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Secrets of the City: D.C.

Revealing all the untold stories of our Nation’s Capital. From all the best local spots to where we got our beloved Cherry Blossoms, check out the stories that make the District unique!

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A Local’s Guide to the Cherry Blossoms

The true sign of spring in the District is coming, Cherry Blossoms. Any other time of the year, they look like regular trees, but from March to April, the pink flowers on the Cherry Trees surrounding the Tidal Basin draw millions of visitors to the National Cherry Blossom Festival. 

a vintage photo of Eliza Ruhamah Scidmore

Eliza Ruhamah Scidmore Photo from the National Mall National Park Service Instagram Account (@nationalmallnps) posted March 18, 2021

This year will mark 110 years since the people of Japan gifted these Cherry Trees to the people of the United States as a celebration of friendship in 1912.

But of course, there is more to the story. According to the National Park Service, all the way back in 1885, Eliza Ruhamah Scidmore (the first female board member of the National Geographic Society) was the first to suggest a massive installation of Cherry Trees downtown.

After returning from a trip to Japan, she fell in love with the beautiful trees. She suggested an installation downtown to the U.S. Army Superintendent of the Office of Public Buildings and Grounds, who immediately shot her down. Eliza knew it was a great idea, so she continued asking for 24 years!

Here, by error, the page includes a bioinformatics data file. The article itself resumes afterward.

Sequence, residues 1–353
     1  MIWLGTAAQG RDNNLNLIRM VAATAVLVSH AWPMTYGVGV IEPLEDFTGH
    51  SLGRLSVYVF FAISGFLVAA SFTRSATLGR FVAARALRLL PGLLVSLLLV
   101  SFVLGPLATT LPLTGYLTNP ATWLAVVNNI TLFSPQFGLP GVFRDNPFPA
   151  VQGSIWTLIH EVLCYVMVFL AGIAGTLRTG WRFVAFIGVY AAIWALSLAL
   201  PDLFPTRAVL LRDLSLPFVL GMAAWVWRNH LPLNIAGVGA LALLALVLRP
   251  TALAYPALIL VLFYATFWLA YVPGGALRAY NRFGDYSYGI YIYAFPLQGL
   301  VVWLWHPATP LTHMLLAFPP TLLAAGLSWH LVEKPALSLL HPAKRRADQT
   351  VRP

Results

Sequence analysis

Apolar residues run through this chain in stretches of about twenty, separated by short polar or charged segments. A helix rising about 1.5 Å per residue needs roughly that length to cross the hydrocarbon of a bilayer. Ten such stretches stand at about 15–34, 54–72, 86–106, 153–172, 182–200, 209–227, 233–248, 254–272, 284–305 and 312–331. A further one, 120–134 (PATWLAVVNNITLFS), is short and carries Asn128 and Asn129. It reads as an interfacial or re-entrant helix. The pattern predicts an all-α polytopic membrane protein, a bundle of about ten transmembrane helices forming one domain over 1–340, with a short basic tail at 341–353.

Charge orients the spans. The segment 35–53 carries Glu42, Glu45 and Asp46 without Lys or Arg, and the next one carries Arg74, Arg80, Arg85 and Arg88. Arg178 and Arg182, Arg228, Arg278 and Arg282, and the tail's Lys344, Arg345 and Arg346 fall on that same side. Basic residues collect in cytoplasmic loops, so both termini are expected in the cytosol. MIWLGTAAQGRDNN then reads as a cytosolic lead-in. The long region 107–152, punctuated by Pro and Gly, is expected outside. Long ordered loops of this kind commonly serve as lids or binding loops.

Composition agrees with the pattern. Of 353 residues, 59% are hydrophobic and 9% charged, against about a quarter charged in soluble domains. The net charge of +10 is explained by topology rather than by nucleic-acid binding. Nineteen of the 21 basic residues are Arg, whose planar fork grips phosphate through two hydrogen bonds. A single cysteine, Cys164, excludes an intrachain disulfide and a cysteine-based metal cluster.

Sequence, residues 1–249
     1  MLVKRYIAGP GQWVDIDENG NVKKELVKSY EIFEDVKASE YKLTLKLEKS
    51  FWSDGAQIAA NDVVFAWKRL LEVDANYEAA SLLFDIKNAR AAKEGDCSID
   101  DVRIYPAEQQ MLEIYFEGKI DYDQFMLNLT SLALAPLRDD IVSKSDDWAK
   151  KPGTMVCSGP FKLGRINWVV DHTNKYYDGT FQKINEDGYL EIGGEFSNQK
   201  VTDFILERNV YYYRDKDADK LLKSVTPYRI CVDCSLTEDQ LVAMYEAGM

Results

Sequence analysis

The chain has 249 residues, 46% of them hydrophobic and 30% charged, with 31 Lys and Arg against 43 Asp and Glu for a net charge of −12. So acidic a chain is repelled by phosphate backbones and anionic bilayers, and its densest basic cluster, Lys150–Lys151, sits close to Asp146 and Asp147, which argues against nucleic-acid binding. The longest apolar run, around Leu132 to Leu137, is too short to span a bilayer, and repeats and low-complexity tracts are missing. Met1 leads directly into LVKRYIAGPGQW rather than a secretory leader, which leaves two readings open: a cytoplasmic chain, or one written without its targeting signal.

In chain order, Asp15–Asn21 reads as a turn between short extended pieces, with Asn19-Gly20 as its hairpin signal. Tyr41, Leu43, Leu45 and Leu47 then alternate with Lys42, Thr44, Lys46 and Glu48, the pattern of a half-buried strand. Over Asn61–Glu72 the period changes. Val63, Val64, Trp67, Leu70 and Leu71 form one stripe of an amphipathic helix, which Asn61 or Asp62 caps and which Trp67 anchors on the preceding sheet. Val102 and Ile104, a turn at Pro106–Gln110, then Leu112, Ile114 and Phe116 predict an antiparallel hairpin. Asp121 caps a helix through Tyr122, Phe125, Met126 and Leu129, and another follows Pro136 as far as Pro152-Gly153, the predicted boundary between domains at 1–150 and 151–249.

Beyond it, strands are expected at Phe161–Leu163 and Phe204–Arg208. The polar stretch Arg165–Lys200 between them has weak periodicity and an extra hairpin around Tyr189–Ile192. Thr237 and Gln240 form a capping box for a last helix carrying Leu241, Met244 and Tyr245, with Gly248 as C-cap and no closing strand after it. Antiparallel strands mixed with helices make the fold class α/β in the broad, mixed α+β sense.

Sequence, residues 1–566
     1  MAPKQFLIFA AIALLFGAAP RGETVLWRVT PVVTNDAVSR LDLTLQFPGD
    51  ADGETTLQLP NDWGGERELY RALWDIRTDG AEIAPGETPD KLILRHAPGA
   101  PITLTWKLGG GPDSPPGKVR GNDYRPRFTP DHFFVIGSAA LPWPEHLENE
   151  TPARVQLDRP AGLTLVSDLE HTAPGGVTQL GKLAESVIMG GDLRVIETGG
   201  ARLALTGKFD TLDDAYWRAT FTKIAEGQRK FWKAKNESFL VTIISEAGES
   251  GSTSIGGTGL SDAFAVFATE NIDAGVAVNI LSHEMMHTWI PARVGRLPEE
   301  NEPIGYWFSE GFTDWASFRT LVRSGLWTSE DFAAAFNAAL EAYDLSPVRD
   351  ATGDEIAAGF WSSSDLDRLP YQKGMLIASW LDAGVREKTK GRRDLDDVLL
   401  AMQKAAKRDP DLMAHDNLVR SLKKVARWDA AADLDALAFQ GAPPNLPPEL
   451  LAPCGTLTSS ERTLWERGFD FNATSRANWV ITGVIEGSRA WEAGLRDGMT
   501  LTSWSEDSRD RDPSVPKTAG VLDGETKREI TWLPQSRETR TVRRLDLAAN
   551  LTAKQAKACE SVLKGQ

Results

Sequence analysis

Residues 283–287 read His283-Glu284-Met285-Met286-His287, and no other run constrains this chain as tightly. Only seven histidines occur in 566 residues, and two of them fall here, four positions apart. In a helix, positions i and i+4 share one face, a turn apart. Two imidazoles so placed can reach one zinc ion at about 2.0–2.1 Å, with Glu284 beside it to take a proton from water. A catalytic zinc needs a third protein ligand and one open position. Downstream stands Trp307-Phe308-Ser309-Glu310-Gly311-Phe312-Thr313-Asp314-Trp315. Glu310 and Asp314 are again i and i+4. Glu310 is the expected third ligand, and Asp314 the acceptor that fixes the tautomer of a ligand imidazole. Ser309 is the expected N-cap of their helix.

a close up of a tower

Photo from the National Mall National Park Service Instagram Account (@nationalmallnps) posted March 20, 2021

During this back and forth, it just so happened that Jōkichi Takamine (a Japanese Chemist) and Mr. Midzuno (the Japanese consul to NYC) were visiting DC. They learned of the installation and asked if the 2,000 trees could be given to D.C. in the name of Tokyo instead.

A few years later, 3,020 Cherry Trees arrived in DC on Valentine’s Day 1912; how romantic! If you look closely, you can find the plaque marking the first two Cherry Trees planted in 1912 by the First Lady and the Japanese Ambassador’s wife.

Now, 110 years later, these beautiful trees are the talk of the town every March. Thousands of people travel to D.C. to participate in the annual Cherry Blossoms Festival and snap a few pictures with the fluffy white blossoms framing the monuments.

Written by Jessica, our local expert guide. Jessica is a Historian, Archivist, and Tour Guide living and working in the District who loves sharing the secrets of the city with tourists and locals alike. Want to learn more? Join us on an Insider’s Pub Crawl!

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